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Research is to see what everybody else has seen, and to think what nobody else has thought.Albert Szent-Gyorgy
For more than a decade now, the science of family medicine in Canada—family medicine research—has taken off. There are family medicine researchers and research groups in all of the departments of family medicine across the country. Although successful larger research programs might garner more attention,1,2 practice-based research networks have sprung up across the country in both cities and rural areas (eg, North Toronto Research Network and the Atlantic Practice-Based Research Network, to name but 2); together they have formed the Canadian Primary Care Sentinel Surveillance Network (CPCSSN).
The CPCSSN initiative is funded by the Public Health Agency of Canada in collaboration with the College of Family Physicians of Canada on behalf of 9 practice-based research networks associated with departments of family medicine across Canada. The CPCSSN also works together with the Canadian Institutes of Health Information.
Although the model of family medicine research in Canada might be moving toward developing a core group of family physicians who are primarily involved in research, much important research continues to be done by those who are still primarily involved in clinical practice, ensuring that it will continue to be grounded. It is clear from the Rosser et al3 article in this month’s Canadian Family Physician (CFP) that there is a strong interest among practising family physicians to learn more about and participate in research. There is an important place for both types of researchers in family medicine and in CFP.
Canadian Family Physician has been, and continues to be, very committed to supporting the growth of family medicine research in Canada. Over the years, CFP has published some excellent practice-based research aimed at changing clinical practice, as well as broader health services research with the potential to influence health policy and change practice on a broader scale. There are several examples I could choose, but among the former is the work of Munoz et al,4 a real-world, randomized controlled trial of canalith repositioning for the treatment of benign positional vertigo, which family physicians can readily do in their offices with substantial benefits to patients. Among the latter type of research is the recent work of Tu and colleagues,5 which showed that hypertension care in the new family health teams in Ontario was superior to that in fee-for-service and community health centre practices.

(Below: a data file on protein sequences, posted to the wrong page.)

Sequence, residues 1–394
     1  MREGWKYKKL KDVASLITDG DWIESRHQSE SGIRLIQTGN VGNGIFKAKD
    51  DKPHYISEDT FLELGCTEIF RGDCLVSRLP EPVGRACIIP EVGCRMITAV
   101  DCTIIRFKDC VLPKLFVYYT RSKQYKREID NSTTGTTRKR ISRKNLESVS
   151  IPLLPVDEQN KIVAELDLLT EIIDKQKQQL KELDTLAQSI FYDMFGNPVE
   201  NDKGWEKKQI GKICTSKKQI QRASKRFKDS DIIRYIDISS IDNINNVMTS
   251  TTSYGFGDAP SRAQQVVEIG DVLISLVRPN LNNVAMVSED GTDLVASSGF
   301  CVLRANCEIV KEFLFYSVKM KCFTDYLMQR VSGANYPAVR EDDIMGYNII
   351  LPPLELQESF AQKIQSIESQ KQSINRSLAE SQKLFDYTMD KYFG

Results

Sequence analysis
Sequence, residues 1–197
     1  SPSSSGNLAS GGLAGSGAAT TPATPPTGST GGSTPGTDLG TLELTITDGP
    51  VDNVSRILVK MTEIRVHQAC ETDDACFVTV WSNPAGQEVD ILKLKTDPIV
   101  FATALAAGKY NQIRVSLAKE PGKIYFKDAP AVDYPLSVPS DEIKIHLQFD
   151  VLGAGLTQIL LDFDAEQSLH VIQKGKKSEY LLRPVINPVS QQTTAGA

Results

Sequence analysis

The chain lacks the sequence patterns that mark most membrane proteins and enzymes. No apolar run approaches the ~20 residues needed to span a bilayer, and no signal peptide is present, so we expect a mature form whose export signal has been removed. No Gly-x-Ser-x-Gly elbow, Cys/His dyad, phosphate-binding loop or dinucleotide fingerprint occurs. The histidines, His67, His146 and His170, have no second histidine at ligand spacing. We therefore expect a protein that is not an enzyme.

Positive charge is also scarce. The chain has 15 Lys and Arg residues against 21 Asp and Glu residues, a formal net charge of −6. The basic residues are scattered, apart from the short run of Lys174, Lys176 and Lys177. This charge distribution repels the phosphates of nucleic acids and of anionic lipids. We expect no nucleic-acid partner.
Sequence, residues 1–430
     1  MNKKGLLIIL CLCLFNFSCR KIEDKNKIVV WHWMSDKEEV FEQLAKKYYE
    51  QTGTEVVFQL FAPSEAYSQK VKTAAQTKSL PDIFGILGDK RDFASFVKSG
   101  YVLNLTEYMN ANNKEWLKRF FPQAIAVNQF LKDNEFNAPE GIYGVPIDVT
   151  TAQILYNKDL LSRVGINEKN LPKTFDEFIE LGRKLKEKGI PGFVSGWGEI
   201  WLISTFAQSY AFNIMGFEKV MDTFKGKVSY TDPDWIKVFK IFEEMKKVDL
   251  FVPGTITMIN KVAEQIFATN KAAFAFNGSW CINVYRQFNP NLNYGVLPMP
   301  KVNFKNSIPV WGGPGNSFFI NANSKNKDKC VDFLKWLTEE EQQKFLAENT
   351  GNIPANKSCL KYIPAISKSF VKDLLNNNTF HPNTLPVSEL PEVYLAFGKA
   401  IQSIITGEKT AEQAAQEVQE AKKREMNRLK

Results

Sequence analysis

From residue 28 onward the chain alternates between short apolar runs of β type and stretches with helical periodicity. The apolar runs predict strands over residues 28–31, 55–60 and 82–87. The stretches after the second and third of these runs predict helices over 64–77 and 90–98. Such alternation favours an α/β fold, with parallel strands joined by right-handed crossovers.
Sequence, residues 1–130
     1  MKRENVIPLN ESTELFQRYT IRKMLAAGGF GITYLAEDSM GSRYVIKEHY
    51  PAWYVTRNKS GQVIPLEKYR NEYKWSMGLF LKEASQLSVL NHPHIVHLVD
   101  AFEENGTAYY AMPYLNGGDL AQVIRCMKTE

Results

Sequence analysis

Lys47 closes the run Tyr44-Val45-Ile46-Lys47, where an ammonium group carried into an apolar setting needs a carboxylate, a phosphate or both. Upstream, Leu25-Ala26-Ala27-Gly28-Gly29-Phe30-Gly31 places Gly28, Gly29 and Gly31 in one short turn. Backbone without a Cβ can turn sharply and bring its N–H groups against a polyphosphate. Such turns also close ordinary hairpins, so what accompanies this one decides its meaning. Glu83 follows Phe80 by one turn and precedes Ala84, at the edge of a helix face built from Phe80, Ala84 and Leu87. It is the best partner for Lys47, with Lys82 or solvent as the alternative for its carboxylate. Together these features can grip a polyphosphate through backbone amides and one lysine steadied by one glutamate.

In addition to publishing relevant, high-quality family medicine research, CFP has also responded to the need for our discipline to publish more of its research. Over the past 2 years, the average number of research articles published has almost doubled, from 2.9 to more than 5 articles per issue. Although this increase might seem small, it is substantial for a small journal like ours.
While we at CFP are proud of these changes, there is more to be done. The 2 excellent studies mentioned earlier have been neither highly accessed on our website nor highly cited in the medical literature; but they should be. A journal’s impact factor is but one metric by which its success is measured. Although CFP’s impact factor of 1.06 is small compared with large journals like the New England Journal of Medicine, it is competitive with most other family medicine journals. Henceforth CFP will post its impact factor on the journal website so that researchers can compare.
Readers of CFP will soon be able to earn Mainpro-M1 continuing education credits for reading and reflecting on articles published in the journal. The first few will be Clinical Review articles, but in the future we will also direct readers to research articles that we think will be relevant to their practices.
Finally, we will continue to highlight to readers on these editorial pages interesting, relevant, and high-quality research published in each issue of CFP.
Cet article se trouve aussi en français à la page 215.